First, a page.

The Small Claims Court Hearing
Once you file your small claims lawsuit, you will get a hearing date scheduled anywhere between 30-70 days later. During this time, your roommate may call you to try and settle the case. If you come to an agreement, you can close your small claims lawsuit.
To prepare for your small claims court hearing:
- Research the law. If you are unsure about what laws relate to your lawsuit, consult an attorney or conduct your own research about the law (a quick Google search goes a long way). Remember, you don't need to necessarily cite a specific law (unless you are basing your legal theories on a very unknown subject area), you just need to be able to prove that you are "right" and your roommate is "wrong." Sometimes this can be as simple as proving that your roommate caused damage to property that belongs to you.
- Prepare your evidence. Pictures, receipts, etc. You want to have your evidence organized with titles, dates, and why that piece of evidence is important. All your evidence should be geared towards showing the judge why you should win. Remember, it is not good to show up to court without any documents or receipts. The judge wants to be able to base their decision on the evidence you bring to court showing exactly how much you are owed and why you are owed money.
- Prepare what to say. During the hearing, the judge will ask you why you are suing your roommate and how you calculated the amount you are owed. You want to make sure you start with a broad statement like this: "Your honor, I am suing my roommate in small claims court today because they damaged my fence and it will cost me $10,000 to fix it." Then go into the details.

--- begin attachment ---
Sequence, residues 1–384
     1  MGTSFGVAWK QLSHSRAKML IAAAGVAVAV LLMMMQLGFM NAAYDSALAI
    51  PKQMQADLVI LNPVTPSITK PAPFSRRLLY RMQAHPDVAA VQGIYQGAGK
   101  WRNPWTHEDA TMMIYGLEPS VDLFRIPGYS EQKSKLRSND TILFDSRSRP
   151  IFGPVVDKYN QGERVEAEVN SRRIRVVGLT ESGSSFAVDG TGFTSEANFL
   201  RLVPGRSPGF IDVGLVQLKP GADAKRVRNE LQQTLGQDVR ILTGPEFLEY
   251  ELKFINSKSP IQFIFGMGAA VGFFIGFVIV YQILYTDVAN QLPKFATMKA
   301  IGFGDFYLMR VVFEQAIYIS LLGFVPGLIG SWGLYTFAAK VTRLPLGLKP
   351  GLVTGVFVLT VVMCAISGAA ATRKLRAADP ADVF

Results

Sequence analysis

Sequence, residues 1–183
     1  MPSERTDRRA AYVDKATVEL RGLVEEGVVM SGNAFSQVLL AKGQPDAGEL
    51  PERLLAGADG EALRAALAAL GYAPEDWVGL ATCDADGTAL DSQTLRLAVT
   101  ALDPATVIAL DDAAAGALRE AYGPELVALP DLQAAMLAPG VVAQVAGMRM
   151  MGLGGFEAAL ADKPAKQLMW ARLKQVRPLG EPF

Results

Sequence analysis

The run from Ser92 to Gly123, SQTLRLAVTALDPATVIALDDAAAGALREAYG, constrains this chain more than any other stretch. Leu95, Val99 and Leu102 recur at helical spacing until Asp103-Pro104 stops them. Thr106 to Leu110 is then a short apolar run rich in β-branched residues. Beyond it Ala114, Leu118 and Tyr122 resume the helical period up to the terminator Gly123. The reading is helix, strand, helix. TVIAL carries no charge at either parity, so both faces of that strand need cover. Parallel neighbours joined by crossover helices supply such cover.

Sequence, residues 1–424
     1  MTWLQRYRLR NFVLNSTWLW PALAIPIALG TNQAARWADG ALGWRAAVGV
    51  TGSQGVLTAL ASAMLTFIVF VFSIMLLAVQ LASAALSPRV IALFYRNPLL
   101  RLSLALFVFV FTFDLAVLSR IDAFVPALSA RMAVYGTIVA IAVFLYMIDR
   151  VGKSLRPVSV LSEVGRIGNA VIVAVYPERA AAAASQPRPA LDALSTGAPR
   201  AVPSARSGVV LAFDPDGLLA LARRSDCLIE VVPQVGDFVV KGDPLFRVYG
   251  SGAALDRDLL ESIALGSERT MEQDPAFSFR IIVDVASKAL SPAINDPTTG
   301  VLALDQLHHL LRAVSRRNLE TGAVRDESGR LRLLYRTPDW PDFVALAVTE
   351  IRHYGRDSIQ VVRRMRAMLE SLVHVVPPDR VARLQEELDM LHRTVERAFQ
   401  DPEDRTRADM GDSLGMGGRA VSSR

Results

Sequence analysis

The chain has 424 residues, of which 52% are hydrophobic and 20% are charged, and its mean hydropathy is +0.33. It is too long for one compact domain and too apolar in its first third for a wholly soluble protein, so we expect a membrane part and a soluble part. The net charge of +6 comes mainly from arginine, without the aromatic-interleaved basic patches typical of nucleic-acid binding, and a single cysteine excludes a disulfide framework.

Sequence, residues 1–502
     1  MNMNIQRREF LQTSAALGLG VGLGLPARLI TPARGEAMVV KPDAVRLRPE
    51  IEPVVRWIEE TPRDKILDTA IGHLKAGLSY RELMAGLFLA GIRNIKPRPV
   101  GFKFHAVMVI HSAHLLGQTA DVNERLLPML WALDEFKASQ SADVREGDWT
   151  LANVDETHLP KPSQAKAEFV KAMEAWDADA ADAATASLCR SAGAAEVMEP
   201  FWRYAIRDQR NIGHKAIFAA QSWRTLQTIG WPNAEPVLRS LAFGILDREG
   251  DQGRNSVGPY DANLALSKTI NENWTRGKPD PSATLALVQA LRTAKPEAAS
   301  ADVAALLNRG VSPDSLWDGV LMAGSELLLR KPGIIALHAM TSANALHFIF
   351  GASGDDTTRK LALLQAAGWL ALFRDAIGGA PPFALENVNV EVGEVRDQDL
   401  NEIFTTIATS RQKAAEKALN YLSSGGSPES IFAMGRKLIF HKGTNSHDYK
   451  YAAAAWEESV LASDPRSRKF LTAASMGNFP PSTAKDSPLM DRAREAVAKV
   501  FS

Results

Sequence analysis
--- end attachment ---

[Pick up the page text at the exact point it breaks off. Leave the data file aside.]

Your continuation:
- Get your receipts for costs ready. For example, your filing fees and any process server costs. Make sure to let the judge know that you would like to be reimbursed for these costs.
- Print enough copies of all your evidence. You will need at least three copies of your evidence (one for you, one for the judge, one for your roommate).
Are attorneys allowed in small claims court?
- Attorneys are not allowed to represent you or your roommate at the initial hearing. If your roommate loses the small claims lawsuit and appeals (meaning they lost and want the judge to decide again) then attorneys are allowed to represent the parties at the appeal hearing.
Mediation as an option of resolving your dispute
What is mediation?
Mediation is a meeting between you, your roommate, and a neutral 3rd party called the mediator. A mediator is not going to decide who should win but rather help you and your roommate come to a mutually satisfactory agreement. Mediation tends to be very successful between roommates as you have a longstanding relationship and a relationship that will likely continue for the foreseeable future. If you reach an agreement during mediation, you will be able to close your lawsuit.
How can I try to mediate the dispute with my roommate?
In California, there are many organizations that provide free or low-cost mediation. Run a google search for "mediation near me" and you will find one of the many organizations providing mediation. Many times they are run by volunteer mediators.
Many California small claims courts also have free mediation available. Each county runs their small claims mediation a bit differently so reach out to us for more information on your court. You can either obtain free mediation on your hearing date or you may be able to request mediation before your hearing date.